Crooked Billet

A field behind the Crooked Billet pub was where the first Crystal Palace FC played their home games for two seasons.

The team began life at Crystal Palace Park but when when that became unavailable, they moved down the road to Penge and were here from 1864 to 1866.

Palace recorded their only victory at the venue on their sloping pitch – a 2-1 win over Clapham on October 28, 1865. Captain James Turner provided the winning goal.

England’s second captain and second oldest player, Alex Morten, played on the ground and probably enjoyed an ale or two in the pub afterwards.

FA administrator Charles Alcock, who devised the FA Cup and international football, came here as an opposition player.

Some of the Palace players, like George Fleet, lived within walking distance in Penge.

The Crooked BilletA widower Mrs Maria Matthew was the landlady of the Crooked Billet during the mid 1860s and she ran the pub for more than a decade.

The teams more than likely got changed there and she may have served them a luncheon.

While dissecting the game or issues of the day at the bar, the players would probably still be caked in mud as the playing surface was often in a poor condition.

When Palace hosted Barnes in a 15-a-side game in February 1865, the Sporting Life said the ground was in a dreadful state, being almost underwater.

The team had no ground for 1866/67 but managed to negotiate a return to Crystal Palace Park a year later.

The construction of housing on the smallholding is the likely reason why the team could no longer play on the site as a later map of the area shows the grid of new roads.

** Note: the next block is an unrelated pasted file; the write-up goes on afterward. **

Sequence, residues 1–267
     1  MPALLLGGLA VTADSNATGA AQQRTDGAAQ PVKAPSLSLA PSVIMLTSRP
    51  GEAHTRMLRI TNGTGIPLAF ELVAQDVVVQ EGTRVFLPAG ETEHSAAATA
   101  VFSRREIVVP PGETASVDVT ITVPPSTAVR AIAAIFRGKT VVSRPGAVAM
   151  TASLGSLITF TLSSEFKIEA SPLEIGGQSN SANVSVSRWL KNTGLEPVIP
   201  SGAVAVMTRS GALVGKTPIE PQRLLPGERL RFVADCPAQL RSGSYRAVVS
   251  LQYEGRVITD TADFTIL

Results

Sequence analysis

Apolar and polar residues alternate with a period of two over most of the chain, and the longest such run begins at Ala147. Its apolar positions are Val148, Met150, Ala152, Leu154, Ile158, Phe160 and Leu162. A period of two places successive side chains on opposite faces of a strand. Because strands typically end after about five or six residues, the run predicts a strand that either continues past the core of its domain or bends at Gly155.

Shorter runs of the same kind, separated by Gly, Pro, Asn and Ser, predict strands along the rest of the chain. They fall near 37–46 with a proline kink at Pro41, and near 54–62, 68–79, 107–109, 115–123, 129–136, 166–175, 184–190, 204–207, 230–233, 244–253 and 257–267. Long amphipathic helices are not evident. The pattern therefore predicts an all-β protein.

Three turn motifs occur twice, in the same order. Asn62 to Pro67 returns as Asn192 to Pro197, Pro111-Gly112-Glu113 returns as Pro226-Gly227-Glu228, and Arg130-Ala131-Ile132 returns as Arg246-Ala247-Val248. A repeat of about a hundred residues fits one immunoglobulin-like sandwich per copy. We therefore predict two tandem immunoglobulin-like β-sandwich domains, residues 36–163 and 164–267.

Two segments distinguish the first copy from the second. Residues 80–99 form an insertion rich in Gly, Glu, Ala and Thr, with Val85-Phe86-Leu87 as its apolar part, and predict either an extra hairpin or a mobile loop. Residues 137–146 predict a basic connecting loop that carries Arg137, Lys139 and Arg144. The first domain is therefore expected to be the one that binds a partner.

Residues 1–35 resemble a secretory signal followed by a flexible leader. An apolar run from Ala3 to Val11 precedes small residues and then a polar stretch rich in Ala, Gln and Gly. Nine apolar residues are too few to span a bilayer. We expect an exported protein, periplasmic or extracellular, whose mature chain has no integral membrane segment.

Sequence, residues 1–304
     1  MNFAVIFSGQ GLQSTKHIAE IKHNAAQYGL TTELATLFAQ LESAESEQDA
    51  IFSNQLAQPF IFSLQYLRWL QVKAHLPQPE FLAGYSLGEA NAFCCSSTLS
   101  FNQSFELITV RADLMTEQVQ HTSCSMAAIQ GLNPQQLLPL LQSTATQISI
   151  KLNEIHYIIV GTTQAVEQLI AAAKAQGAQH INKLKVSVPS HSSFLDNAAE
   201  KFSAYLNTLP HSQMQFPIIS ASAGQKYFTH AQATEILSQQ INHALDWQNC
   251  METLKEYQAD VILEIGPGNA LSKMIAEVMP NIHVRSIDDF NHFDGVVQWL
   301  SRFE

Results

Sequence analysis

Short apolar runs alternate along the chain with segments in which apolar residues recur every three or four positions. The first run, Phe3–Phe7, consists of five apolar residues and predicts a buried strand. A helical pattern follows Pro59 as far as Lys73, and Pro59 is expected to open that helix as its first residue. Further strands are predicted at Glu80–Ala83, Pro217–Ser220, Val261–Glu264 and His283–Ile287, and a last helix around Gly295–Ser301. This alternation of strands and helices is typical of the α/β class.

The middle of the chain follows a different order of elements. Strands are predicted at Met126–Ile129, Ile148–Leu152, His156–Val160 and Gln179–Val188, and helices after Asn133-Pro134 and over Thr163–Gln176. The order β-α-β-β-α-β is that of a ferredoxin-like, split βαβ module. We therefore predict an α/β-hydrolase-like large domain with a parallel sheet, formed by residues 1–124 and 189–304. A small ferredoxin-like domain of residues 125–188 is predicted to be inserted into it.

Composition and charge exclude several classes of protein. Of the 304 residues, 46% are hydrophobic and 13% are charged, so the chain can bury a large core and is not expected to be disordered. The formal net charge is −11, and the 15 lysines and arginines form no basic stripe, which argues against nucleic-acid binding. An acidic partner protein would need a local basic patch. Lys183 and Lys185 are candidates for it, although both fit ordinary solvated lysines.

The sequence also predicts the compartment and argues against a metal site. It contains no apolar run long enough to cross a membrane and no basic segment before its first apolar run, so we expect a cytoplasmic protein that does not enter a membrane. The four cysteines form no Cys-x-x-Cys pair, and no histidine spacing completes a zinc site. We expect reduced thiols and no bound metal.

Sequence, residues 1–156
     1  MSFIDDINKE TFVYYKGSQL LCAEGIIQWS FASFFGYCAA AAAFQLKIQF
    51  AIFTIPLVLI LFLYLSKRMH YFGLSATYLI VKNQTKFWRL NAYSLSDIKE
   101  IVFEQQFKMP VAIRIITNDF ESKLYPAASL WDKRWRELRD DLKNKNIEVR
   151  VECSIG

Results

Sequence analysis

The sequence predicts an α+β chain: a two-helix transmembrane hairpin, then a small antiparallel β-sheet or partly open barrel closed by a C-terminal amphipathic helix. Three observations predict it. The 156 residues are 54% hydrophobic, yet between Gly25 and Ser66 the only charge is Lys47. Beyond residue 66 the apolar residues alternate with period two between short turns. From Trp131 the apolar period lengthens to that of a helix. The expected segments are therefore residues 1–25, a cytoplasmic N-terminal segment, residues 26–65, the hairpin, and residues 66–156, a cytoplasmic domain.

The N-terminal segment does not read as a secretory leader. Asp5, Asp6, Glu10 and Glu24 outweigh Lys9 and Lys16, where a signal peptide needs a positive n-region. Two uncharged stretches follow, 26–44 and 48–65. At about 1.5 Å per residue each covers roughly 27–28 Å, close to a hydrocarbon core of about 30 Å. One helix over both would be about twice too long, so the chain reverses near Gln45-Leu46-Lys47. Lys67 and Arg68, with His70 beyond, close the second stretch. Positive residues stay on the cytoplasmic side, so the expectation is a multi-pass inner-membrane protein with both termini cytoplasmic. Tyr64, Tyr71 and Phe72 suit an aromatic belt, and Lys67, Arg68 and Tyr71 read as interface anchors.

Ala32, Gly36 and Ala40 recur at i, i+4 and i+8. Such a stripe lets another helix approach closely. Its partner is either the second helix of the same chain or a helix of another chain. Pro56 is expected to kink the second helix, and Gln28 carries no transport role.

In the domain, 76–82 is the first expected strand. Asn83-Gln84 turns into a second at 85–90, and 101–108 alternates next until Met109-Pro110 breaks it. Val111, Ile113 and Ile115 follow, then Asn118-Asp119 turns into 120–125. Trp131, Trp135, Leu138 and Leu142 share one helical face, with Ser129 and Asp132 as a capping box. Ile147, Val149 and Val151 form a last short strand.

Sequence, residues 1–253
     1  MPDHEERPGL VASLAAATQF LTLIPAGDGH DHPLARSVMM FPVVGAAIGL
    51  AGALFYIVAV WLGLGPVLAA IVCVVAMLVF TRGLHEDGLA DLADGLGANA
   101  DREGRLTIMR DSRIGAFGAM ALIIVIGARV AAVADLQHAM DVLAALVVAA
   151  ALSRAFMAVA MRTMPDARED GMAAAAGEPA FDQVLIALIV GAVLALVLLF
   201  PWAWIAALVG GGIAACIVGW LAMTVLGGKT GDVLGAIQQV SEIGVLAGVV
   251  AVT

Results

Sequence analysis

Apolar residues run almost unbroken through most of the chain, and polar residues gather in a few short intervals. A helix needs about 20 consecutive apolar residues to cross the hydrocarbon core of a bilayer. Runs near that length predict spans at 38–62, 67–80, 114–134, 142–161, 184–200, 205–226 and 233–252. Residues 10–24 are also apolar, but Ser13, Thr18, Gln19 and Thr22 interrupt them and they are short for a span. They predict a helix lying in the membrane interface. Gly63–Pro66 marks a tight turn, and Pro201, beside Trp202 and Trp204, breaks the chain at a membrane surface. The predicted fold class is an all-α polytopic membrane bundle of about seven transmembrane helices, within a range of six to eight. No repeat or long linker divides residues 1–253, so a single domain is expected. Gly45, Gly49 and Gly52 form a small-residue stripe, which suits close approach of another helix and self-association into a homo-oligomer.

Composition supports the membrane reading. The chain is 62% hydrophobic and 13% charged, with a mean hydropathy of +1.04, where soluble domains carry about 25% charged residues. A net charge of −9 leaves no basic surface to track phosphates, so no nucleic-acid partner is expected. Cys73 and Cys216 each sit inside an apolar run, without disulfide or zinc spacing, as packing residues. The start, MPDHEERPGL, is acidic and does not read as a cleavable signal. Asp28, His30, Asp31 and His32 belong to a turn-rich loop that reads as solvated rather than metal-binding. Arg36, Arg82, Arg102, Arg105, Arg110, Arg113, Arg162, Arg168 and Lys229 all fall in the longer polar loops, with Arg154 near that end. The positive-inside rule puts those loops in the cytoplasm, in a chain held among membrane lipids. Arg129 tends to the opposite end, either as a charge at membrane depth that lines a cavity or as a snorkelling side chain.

The Crooked Billet signThe historic Crooked Billet, which was built in 1827, rebuilt in 1840 then extended in 1925, has a history which goes back to 1600.

The word Penge comes from the Celtic word ‘penceat’ which means ‘edge of wood’. It appears that there were some Celts living here for many years.

Penge was a luscious common with medieval woodland and people stopped here as a horse-changing hostelry on the good road to Kent.

Legend has it that as the hamlet was so heavily wooded, a sign had to be placed on the main road to guide the traveller to the overnight shelter. This sign was a bent or knotted branch and the ‘crooked billet’ led to the pub’s name.

The 1827 Crooked BilletWilliam Hone was an English writer, satirist and bookseller. He wrote about a visit to the pub in 1827. He and a friend ate eggs, bacon and spinach from the pub garden.

Sat in a comfortable parlour, with a bow-window view of Penge Common. He said the house affords as good accommodation for man and horse as can be found in any retired spot so near London. His friend sketched this illustration below.

After the 1840 rebuild, the Crooked Billet was badly damaged during the Second World War and was constructed one story lower. The original hall to the rear remains intact.

Douglas Allport’s house

Douglas Allport was the long-serving secretary and captain of the first Crystal Palace FC.

In 1871, Allport lived a stone’s throw away from the Crooked Billet at 19 Queen Adelaide Road. He resided here with his wife, four children and three servants and worked as a West India merchant.

After the FA Cup competition was mooted, Allport was one of three Football Association committee men who sourced the first-ever FA Cup.

Allport skippered Palace on their way to the 1872 FA Cup semi-final in its inaugural season, playing in each of the five ties.

Penge suffered greatly from enemy bombing during the Second World War and Queen Adelaide Road was devastated during The Blitz. Houses here were either destroyed or badly damaged.

After the war, people needed to be rehoused so three blocks of flats was the best solution. In 1950, families moved into the spacious new Queen Adelaide Court. The house where Allport once lived is now the green space outside the flats today.